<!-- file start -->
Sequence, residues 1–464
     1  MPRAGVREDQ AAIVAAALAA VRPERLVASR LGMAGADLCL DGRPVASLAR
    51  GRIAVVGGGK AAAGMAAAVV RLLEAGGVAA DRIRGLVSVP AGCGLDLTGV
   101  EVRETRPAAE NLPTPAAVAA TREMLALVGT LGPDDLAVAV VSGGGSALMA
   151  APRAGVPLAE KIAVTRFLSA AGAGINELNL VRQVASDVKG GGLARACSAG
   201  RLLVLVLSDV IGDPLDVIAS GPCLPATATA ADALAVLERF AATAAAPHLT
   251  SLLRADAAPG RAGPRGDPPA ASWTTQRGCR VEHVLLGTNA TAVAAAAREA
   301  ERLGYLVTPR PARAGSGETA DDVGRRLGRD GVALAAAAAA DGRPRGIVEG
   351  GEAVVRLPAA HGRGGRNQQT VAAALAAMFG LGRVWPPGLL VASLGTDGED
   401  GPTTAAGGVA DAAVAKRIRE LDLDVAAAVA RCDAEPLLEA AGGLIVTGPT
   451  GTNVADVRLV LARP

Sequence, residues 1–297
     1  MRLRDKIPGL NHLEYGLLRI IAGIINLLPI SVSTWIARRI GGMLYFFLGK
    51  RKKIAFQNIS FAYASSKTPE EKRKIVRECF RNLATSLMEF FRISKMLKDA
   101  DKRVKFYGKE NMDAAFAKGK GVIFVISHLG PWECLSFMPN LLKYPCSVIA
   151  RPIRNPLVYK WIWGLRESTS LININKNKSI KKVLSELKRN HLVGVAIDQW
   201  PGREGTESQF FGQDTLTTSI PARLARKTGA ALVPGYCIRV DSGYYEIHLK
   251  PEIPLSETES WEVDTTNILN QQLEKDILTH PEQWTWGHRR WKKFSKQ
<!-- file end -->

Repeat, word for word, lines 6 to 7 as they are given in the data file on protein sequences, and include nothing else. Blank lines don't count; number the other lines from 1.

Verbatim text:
   201  RLLVLVLSDV IGDPLDVIAS GPCLPATATA ADALAVLERF AATAAAPHLT
   251  SLLRADAAPG RAGPRGDPPA ASWTTQRGCR VEHVLLGTNA TAVAAAAREA